Taxable Investments vs. Tax-Deferred Investments

by Ciaran John

When you invest money, you normally have to pay federal and state tax on your earnings. You can delay paying those taxes by investing some of your money in tax-deferred rather than taxable accounts. You do not pay tax on money held in a tax-deferred account until you make withdrawals, which means that your earnings compound faster than in a taxable account. However, tax-deferred accounts do have drawbacks and limitations; these accounts are not ideal for everyone.


When you make a withdrawal from a tax-deferred account, you have to pay taxes on any portion of the money that was not taxed prior to being deposited in the account. On most types of tax-deferred accounts, you make your deposit on a pretax basis, so your withdrawals are fully taxable. You pay ordinary income tax on the withdrawal; depending on your tax bracket, that could mean paying up to 35 percent tax. On a taxable account you only pay income tax on investments that you hold for less than a year. On longer-term investments you pay capital gains tax, which amounts to just 15 percent. Therefore, while you miss out on tax-deferred growth, you may end up losing a lower percentage of your investment proceeds to taxation when you invest in taxable accounts.


The Internal Revenue Service allows funds inside retirement accounts to grow on a tax-deferred basis as a way of encouraging investors to save for retirement. For tax purposes, the IRS uses age 59 1/2 as the retirement age. If you access money inside your tax-deferred account before reaching that age, you incur a 10-percent withdrawal penalty. You do not pay this penalty if you use the money for certain "qualified" expenses, like college tuition or medical costs. With a taxable account, you can buy and sell securities regardless of your age without incurring any kind of tax penalty.


Anyone can invest in a taxable account, since no income restrictions apply. Furthermore, you can invest with money that you earned during the current year or with the cash proceeds from existing taxable investments that you decide to sell. Annual restrictions apply to investments in tax-deferred accounts. As of 2011, annual contributions to individual retirement arrangements (IRAs) are capped at $5,000 per year for people under 50 and $6,000 per year for older investors. Income restrictions also apply to people who are covered by employer-sponsored tax-deferred pension plans, and contribution and income limits apply to other types of tax-deferred accounts. Therefore, tax-deferred accounts are not an option for everyone.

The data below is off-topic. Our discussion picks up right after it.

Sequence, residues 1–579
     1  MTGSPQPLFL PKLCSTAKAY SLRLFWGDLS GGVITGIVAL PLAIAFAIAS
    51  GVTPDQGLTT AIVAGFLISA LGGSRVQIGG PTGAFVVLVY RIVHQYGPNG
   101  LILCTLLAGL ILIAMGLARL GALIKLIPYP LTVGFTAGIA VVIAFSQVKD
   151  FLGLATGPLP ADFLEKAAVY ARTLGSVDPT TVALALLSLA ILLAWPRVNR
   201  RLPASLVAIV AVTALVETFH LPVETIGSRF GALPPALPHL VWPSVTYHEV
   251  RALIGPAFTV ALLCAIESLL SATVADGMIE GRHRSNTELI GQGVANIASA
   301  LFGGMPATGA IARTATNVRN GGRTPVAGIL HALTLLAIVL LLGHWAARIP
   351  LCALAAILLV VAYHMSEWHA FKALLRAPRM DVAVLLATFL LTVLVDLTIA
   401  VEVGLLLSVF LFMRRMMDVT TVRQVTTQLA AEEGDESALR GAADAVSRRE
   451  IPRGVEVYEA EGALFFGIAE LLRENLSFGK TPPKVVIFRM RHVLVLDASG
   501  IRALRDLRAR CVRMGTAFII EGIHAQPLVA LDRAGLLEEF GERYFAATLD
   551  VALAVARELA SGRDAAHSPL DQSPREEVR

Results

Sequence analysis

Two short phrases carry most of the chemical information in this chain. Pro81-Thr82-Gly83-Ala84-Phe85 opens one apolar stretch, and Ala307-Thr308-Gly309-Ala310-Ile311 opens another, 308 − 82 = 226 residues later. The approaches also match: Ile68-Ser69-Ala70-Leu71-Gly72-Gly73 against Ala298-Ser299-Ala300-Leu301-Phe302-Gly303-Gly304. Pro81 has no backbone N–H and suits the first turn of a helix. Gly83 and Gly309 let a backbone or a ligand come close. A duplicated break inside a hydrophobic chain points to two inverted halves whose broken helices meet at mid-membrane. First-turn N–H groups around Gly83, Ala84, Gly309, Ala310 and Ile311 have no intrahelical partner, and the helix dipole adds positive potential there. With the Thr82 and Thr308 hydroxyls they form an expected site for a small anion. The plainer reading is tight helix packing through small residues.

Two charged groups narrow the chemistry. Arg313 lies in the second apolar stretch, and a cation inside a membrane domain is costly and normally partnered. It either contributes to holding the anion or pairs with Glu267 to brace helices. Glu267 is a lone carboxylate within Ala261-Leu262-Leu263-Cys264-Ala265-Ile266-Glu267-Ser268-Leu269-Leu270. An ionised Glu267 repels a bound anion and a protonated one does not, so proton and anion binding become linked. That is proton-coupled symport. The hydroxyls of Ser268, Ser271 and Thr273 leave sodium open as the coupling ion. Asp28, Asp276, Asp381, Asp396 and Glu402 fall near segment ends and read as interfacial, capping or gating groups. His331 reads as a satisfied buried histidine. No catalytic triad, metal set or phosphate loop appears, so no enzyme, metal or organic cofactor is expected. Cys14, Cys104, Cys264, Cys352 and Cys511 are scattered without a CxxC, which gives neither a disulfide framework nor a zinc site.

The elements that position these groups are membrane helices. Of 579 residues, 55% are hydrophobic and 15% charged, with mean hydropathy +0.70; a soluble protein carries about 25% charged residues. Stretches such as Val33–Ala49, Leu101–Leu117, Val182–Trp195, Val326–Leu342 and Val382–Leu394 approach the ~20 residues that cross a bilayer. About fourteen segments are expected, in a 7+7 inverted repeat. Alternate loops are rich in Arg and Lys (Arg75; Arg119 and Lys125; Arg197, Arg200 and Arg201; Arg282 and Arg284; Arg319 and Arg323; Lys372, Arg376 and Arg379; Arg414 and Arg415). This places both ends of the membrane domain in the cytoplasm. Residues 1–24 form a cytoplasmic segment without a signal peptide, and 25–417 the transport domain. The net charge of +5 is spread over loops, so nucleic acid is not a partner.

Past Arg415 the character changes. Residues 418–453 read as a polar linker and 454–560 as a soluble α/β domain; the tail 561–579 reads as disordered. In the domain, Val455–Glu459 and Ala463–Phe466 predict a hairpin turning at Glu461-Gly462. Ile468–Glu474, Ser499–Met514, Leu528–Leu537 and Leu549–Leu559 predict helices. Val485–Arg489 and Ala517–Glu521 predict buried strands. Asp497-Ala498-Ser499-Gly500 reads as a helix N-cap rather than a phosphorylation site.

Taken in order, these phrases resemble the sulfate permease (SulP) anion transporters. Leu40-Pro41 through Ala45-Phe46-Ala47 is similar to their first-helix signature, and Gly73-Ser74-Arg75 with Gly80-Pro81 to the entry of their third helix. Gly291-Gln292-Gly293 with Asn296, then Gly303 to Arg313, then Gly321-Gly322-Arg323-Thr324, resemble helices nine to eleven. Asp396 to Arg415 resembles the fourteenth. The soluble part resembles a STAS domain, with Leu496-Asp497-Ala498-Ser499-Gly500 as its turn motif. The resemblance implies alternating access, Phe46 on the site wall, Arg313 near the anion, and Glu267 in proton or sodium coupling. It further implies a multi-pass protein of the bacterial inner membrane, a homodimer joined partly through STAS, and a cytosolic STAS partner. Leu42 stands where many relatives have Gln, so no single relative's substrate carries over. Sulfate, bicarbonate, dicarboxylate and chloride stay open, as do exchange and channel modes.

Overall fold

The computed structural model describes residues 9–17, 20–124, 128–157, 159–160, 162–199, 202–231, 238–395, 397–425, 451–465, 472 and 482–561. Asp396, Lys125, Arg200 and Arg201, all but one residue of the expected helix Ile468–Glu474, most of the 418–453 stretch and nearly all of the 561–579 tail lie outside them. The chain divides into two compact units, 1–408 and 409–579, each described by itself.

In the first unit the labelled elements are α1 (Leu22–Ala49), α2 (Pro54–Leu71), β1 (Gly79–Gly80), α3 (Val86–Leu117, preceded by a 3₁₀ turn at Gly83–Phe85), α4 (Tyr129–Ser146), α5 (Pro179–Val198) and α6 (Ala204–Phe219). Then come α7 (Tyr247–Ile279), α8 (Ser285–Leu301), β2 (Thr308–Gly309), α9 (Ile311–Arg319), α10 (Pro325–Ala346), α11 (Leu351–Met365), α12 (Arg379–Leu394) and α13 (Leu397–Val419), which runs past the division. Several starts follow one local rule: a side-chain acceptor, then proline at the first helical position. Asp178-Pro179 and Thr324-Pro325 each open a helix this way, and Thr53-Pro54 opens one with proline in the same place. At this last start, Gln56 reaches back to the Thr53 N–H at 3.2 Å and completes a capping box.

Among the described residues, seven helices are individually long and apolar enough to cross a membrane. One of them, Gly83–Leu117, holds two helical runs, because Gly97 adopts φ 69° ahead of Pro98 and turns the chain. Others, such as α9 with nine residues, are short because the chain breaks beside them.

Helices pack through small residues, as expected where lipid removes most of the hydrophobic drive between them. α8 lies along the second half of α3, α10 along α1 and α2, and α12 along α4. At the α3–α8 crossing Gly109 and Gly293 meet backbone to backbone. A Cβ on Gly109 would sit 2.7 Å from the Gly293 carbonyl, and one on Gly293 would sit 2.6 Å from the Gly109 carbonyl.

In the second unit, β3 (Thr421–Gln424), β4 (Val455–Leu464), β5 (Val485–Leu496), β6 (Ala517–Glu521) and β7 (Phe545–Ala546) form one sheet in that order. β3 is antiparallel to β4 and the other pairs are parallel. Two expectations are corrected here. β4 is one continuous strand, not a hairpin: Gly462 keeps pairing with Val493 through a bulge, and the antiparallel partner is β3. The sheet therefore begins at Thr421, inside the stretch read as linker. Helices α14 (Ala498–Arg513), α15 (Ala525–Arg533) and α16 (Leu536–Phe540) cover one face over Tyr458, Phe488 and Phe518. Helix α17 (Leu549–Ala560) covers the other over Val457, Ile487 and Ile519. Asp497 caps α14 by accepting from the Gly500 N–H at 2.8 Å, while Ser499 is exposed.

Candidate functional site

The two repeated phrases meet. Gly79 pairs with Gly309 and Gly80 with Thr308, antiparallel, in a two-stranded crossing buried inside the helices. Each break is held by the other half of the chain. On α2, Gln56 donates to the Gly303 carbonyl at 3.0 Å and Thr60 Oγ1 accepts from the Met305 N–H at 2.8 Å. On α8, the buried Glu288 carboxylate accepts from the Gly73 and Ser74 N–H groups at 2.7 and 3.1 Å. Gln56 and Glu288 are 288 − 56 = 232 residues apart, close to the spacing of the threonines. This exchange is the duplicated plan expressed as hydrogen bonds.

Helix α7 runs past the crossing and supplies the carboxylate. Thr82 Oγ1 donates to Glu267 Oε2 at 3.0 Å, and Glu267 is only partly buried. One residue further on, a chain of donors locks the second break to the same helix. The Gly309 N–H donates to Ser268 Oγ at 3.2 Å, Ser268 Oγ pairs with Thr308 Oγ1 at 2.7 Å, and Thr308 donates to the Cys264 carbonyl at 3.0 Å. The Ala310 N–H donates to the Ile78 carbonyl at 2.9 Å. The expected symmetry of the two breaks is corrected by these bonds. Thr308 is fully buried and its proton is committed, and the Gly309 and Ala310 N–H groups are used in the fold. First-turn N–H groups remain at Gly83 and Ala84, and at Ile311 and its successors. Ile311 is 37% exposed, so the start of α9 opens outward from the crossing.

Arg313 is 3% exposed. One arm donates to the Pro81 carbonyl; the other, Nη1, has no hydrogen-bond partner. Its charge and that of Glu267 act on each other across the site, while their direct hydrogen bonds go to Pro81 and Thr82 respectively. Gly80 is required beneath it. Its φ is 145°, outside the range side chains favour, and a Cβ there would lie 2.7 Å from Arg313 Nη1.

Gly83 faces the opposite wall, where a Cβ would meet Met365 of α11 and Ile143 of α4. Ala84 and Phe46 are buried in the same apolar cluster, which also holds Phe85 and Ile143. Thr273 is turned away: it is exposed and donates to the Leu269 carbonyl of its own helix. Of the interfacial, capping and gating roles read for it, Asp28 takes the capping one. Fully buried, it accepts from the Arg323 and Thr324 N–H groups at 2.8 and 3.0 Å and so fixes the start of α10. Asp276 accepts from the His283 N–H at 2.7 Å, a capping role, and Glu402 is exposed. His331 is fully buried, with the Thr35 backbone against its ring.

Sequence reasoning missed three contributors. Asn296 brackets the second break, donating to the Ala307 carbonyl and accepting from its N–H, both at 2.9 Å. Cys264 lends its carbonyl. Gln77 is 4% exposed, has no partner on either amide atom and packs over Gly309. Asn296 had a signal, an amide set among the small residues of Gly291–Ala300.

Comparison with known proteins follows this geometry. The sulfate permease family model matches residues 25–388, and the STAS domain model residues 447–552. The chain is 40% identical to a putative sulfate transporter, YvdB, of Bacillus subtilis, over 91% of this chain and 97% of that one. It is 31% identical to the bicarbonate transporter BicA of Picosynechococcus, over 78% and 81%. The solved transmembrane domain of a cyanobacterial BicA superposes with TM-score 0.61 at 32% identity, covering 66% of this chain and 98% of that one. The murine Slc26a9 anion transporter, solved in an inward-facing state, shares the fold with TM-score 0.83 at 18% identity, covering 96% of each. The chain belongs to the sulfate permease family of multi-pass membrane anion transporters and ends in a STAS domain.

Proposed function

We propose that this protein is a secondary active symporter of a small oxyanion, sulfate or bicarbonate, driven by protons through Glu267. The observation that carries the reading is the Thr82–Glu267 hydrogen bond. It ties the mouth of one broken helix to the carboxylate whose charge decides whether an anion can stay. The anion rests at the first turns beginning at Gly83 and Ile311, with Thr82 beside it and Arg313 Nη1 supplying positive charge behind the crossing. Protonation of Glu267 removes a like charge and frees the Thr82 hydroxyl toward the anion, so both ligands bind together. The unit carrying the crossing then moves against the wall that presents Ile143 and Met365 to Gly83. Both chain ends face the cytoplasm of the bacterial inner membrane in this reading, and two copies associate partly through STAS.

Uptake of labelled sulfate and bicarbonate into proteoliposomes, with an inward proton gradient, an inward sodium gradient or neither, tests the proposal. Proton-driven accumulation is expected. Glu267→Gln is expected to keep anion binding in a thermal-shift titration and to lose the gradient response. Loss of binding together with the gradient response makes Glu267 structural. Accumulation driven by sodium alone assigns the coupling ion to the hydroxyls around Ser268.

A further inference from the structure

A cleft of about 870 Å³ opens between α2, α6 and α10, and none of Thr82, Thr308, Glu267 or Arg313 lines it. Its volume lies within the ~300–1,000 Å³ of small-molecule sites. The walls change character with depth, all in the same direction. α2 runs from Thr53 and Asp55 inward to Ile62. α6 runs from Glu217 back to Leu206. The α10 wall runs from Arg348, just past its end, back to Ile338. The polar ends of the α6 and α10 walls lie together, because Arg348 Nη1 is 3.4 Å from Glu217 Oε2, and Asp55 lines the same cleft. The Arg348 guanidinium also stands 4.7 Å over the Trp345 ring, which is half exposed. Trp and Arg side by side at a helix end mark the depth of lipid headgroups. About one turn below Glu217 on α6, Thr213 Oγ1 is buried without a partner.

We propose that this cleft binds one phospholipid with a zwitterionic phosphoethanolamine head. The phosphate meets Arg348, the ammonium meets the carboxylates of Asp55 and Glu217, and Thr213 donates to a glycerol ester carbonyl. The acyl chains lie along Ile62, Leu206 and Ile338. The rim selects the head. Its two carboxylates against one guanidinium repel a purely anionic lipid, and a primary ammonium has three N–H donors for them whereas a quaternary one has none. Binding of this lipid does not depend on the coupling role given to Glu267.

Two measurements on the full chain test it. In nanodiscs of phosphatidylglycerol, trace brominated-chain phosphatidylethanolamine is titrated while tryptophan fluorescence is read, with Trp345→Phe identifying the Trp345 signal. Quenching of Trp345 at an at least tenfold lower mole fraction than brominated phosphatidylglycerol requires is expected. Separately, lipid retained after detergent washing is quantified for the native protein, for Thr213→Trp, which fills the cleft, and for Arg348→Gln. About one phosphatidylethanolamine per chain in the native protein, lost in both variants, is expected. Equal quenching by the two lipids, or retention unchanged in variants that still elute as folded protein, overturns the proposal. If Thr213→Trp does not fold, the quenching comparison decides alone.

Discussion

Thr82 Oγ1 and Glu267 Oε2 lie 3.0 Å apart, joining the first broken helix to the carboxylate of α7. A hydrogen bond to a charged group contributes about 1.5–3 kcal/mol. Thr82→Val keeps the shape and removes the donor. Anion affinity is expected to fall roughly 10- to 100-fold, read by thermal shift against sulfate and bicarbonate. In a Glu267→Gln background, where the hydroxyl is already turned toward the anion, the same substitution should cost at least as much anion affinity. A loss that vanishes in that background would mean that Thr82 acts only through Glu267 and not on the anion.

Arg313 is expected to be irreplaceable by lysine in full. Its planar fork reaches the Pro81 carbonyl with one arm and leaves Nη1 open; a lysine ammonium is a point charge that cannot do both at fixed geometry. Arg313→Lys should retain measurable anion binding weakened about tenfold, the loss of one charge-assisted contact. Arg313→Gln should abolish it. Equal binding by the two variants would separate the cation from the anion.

The longer you can keep money inside a tax-deferred account, the more you can take advantage of the tax-deferred growth by reinvesting dividends and interest that would incur income tax on other types of investments. Roth IRAs grow tax-deferred but contain after-tax money, and you can withdraw funds penalty free after holding the money for five years once you reach the age of 59 1/2. However, while Roths are one type of tax-deferred account that provides tax-free income, you can only invest in a Roth if your modified adjusted gross income stays below a certain level. Therefore, most investors end up using both taxable and tax-deferred accounts rather than investing exclusively in one account type.

Photo Credits

  • Jupiterimages/Creatas/Getty Images